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Everyone’s going green these days - with varying results.

But Bank of New York Mellon (Stock Quote: BK) may be on to something with its new eVault service, which helps clients electronically process and store key mortgage  documents. BNY says it not only helps the environment, but also helps customers save time retrieving their “papers.”

No matter how you feel about the bank’s efforts, at least they’re ahead of the times. A new study from Xerox (Stock Quote: XRX) Mortgage Services predicts it may take up to seven years before the financial services industry is handling more than 50% of all mortgage loans electronically.

BNY Mellon doesn’t want to wait. Its eVault service, released this summer, not only helps the environment, but should also save time and money on both the borrowing and lending ends of the mortgage paperwork exchange.

Rick Stanley, head of structured credit at BNY Mellon Corporate Trust, agrees.
“Documents no longer have to be printed on paper to be signed, and they don’t have to be manually shipped or physically stored,” Stanley says. “By making the mortgage process fully electronic, eVault allows lenders to reduce their costs through automation.”

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The mortgage industry formed an alliance to make digital mortgages  a priority, and eVault is BNY’s effort to climb aboard. According to a statement, eVault uses the Mortgage Electronic Registration Systems (MERS), an industry-led initiative to identify and track individual mortgages and related information electronically.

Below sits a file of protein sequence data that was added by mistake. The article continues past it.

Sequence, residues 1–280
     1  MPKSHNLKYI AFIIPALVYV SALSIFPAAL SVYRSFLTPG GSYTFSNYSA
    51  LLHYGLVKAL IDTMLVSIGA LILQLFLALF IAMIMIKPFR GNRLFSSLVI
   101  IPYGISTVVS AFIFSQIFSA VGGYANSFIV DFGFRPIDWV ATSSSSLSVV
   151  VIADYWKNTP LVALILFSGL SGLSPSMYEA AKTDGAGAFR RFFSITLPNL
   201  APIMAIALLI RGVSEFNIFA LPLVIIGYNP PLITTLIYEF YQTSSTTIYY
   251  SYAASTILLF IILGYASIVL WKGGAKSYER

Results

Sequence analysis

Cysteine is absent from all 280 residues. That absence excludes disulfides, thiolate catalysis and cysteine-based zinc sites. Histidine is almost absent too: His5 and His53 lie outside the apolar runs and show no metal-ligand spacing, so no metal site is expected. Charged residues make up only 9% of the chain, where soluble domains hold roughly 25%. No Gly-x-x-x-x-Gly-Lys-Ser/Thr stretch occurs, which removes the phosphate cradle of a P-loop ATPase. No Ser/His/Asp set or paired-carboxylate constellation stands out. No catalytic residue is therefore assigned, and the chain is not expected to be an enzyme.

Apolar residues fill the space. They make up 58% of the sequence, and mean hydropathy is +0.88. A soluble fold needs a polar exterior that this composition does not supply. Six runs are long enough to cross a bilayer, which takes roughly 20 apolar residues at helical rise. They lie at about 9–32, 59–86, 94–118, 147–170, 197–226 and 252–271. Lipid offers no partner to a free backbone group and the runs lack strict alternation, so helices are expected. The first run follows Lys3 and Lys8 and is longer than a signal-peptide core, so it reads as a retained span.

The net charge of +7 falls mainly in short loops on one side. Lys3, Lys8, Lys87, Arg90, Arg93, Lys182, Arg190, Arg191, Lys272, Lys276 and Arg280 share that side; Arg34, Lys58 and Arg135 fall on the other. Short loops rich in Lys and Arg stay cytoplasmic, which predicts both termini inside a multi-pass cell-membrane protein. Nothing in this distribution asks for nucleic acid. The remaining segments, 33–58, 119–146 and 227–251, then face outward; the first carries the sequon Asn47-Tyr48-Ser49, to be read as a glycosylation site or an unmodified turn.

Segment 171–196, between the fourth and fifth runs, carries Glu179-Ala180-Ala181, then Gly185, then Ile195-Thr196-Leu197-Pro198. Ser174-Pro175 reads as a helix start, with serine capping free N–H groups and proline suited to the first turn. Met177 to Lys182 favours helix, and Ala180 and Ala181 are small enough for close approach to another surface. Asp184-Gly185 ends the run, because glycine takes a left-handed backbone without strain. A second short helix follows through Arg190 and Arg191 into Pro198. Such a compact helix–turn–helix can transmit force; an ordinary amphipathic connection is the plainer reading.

BNY also decided to outsource a major portion of eVault’s software development efforts. The bank partnered with eSign Systems, a division of Wave Systems Corp (Stock Quote: WAVX) to build the life cycle management software at the heart of eVault. The software is fully integrated with MERS and offers anti-tampering features to protect borrowers’ and lenders’ critical financial documents.

Consumers are increasingly expecting the companies they deal with to provide electronic statements, bills, and other financial and business documents. They like the convenience of digital documents, and believe they help the environment. Banks and mortgage lenders not currently offering these digital documents might risk losing such customers.

Consumers who value green documents might be onto something as well. According to a 2010 study by PayItGreen, “if one in five households switched to electronic bills, statements and payments, the collective impact would save 151 million pounds of paper, avoid filling 8.6 million household garbage bags with waste and avoid producing 2 million tons of greenhouse gas emissions.”

That’s not a bad deal  - and it makes good business sense for mortgage servicers, too.

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